Stable carbon isotope fractionation by marine phytoplankton in response to daylength, growth rate, and CO2 availability

S Burkhardt, U Riebesell, I Zondervan
1999 Marine Ecology Progress Series  
Stable carbon isotope fractionation (%) of 7 marine phytoplankton species grown in different irradiance cycles was measured under nutrient-replete conditions at a high light intensity in batch cultures. Compared to experiments under continuous light, all species exhibited a significantly higher instantaneous growth rate (pi), defined as the rate of carbon fixation during the photoperiod, when cultivated at 12:12 h. 16:8 h, or 1 8 6 h light:dark (L/D) cycles. Isotopic fractionation by the
more » ... ation by the diatoms Skeletonema costatum, Asterionella glacialis, Thalassiosira punctigera, and Coscinodiscus wailesii (Group I) was 4 to 6 % lower in a 16:8 h L/D cycle than under continuous light, which we attribute to differences in pi. In contrast, E, in Phaeodactylum tn'cornutum, Thalassiosira weissflogii, and in the dinoflagellate Scrippsiella trochoidea (Group 11) was largely insensitive to daylength-related differences in instantaneous growth rate. Since other studies have reported growth-rate dependent fractionation under N-limited conditions in P. tricornutum, pi-related effects on fractionation apparently depend on the factor controlling growth rate. We suggest that a general relationship between E, and pi/[C02",] may not exist. For 1 species of each group we tested the effect of variable CO2 concentration, [COz",], on isotopic fractionation. A decrease in [CO2",] from ca 26 to 3 pm01 kg-' caused a decrease in E, by less than 3%0 This indicates that variation in h in response to changes in daylength has a similar or even greater effect on isotopic fractionation than [COz",] m some of the species tested. In both groups E, tended to be higher in smaller species at comparable growth rates. In 24 and 48 h time series the algal cells became progressively enriched in 13C during the day and the first hours of the dark period, followed by l3C depletion in the 2 h before beginning of the following Light period. The daily amplitude of the algal isotopic composition (613C), however, was <1.5%0, which demonstrates that diurnal variation in Fl3C is relatively small.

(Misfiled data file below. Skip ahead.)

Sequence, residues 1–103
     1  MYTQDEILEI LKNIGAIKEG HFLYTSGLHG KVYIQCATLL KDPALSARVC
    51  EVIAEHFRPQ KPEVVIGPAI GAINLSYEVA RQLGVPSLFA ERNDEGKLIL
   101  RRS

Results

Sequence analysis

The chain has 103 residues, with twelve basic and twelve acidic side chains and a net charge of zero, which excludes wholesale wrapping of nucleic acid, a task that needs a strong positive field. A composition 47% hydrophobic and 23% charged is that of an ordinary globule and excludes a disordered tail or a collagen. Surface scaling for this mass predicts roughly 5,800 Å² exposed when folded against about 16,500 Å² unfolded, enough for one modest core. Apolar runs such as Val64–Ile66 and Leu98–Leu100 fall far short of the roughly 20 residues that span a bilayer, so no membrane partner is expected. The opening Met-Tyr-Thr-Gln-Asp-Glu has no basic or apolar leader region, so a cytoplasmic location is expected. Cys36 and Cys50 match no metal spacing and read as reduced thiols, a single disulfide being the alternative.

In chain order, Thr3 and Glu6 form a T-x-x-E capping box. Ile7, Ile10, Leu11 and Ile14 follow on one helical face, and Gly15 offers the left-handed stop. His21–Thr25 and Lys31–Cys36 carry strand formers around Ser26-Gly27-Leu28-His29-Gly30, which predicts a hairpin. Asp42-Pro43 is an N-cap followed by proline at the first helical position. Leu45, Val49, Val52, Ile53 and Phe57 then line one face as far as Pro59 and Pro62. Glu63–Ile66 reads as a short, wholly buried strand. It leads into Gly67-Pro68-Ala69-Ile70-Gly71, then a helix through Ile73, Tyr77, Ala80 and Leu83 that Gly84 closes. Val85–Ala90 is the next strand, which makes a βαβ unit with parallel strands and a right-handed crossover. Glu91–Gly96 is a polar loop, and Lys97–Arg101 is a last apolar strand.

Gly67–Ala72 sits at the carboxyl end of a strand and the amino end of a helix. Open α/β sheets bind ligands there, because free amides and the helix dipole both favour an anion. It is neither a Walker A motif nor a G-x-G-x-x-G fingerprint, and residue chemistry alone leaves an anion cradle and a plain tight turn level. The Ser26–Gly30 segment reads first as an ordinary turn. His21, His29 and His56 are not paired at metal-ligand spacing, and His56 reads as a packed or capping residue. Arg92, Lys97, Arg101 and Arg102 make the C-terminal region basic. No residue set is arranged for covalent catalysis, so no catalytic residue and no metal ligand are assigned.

doi:10.3354/meps184031 fatcat:g5ap52gsyvdhlmob6v5qp426ze